Stalin’s starvation of Ukrainian farmers in 1932-1933 led to the deaths of 7-10 million people. Raphael Lemkin who coined the term “genocide” publicly stated that Stalin’s deliberate starvation of Ukrainians, known as the Holodomor, meets the very definition of this term. There are other instances of Soviet Russia’s genocidal activity. These include forbidding the usage of the Ukrainian language, the liquidation of Ukrainian Churches and seminaries, and the barbaric murders of intellectuals, writers, musicians, playwrights and artists. The criteria for such massive murder was simply “Ukrainian.” This is the truth.
In my 35 years of priestly ministry and my recent academic research, I have listened to the stories of Holodomor survivors. I have also heard the stories of horror from the children and grandchildren of survivors who remembered hearing the accounts of starvation told to them in muffled tones so that no one else could hear. These stories were kept secret until the fall of the Soviet Union.
The first post-Soviet president of Ukraine, Leonid Kravchuk, expressed his initial disbelief that millions of Ukrainian peasants were starved by Stalin and his commissars. He reviewed archival material which told the truth. This laid the grounds for bringing Soviet acts of genocide to light. Viktor Yuschenko, the third president of Ukraine, is to be credited with letting his people know the truth by building a Memorial Museum in Kyiv and by establishing an annual day of remembrance
The reviewers of “Bitter Harvest” who deny the Holodomor should be confronted for colluding with the very forces that perpetrated the act. In the movie when Stalin is informed of the reality that Ukrainians will starve to death because of his policies his response is that no one will know anyway.
There are Holocaust deniers. There are Holodomor deniers. There are those who deny the Armenian Genocide, the Cambodian Genocide, the numerous genocides in Africa, and the genocides of indigenous peoples around the globe. We must continually be witness to all genocides and to all those who died because of who they were.
“Bitter Harvest” is worth seeing. It is “riveting” as stated by Newsweek. The story is a familiar one. We know well that bread is sacred; never to be thrown in the garbage. No food should be wasted. Always be grateful to God for the food which we receive. We Ukrainians feed our families and others. Hospitality is sacred.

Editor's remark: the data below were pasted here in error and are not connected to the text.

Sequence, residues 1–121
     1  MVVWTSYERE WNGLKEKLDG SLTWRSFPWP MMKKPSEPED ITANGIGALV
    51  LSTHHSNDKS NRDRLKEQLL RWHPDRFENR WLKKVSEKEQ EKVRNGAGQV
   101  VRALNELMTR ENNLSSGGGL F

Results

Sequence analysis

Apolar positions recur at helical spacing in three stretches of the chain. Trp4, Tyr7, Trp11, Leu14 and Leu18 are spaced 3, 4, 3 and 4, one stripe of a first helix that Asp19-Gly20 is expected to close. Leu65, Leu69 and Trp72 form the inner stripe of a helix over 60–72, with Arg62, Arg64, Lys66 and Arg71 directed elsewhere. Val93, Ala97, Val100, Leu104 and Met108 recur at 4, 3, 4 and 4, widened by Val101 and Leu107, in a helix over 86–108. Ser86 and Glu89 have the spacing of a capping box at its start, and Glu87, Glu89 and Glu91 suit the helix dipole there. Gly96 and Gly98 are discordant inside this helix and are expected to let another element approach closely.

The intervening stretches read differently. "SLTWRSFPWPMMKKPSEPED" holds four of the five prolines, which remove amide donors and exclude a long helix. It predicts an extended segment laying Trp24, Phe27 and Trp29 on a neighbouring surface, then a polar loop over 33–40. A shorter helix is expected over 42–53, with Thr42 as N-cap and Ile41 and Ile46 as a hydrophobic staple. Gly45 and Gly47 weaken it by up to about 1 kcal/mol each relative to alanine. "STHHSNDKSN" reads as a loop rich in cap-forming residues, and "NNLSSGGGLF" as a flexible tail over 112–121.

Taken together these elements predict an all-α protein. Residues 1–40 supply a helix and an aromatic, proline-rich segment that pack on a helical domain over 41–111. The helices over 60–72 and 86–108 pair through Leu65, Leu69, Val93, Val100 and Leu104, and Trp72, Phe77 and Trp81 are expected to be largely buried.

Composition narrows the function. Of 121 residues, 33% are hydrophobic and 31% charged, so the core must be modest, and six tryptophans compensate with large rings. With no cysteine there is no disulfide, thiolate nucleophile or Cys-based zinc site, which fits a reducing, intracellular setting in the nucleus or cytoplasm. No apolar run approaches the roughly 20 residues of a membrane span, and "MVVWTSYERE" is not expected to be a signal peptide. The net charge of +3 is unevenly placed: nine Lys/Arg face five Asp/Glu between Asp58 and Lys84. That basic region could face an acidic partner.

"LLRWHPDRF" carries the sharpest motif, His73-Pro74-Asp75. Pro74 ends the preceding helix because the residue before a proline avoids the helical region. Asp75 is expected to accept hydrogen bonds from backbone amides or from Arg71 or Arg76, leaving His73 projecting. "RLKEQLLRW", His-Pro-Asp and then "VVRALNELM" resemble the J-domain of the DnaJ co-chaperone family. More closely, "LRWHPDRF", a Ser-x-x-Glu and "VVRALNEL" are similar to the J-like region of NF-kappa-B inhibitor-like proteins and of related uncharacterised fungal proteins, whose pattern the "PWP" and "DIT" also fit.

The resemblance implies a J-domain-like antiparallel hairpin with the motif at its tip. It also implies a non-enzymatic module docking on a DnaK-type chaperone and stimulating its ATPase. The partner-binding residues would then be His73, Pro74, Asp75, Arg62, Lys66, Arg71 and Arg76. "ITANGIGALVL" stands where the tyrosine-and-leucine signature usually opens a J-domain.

We Ukrainians are free men and women. We will always fight for our freedom. The warrior subtext of “Bitter Harvest” resonates with our enculturated need to be honorable and true to our people. We are dragon slayers in a world where evil walks. The protagonist of the movie Yuri (Max Irons) carries the image of his patron saint, St. Yuri (George) in his heart and soul. Take note of the metaphorical beauty of the icon of St. Yuri when you go see the movie.
We slay the dragons, our oppressors, with swords forged in the fires of our history. The famine genocide is just another horrifying attack by Ukraine’s enemies. The significance of “Bitter Harvest” is its power to slay dragons: the dragons of deceit, lies, denial and propaganda. Long overdue this historical drama challenges the dominant Russian narrative of “everyone starved,” “it was due to bad weather,” the “land owners were Ukraine’s wealthy bourgeoisie and needed to be put into their place.” Richard Bachynsky-Hoover wrote the original screenplay and was joined by George Mendeluk to complete the task of composing the final script. The writing of “Bitter Harvest” is a metaphorical dragon slaying; the invisible pen of the computer the sword that kills untruth with the story which the actors will dramatize.
Yuri’s love for Natalka (Samantha Barks) frames the movie. Critics have expressed their disappointment with the story of the Holodomor famine framed within a love story. Let’s not forget the blockbuster movie “Titanic.” The critics gave it poor reviews and felt that the love story was melodramatic and trite. Moviegoers felt differently. Don’t underestimate the power of going to the movies and taking friends.
There were many love stories during this time of genocide. I have heard a few. Told to me by survivors, love did save lives. Yes, there were other Yuris who saved other Natalkas. I have met some of them. Only those numbed by their own cynicism will pen negative review of “Bitter Harvest.”
I loved “Bitter Harvest,” and as a member of the board of directors of the Ukrainian Genocide Famine Foundation of the USA, I am deeply grateful to Ian Ihnatowycz for funding and producing this magnificent work of cinema.
Rev. Myron Panchuk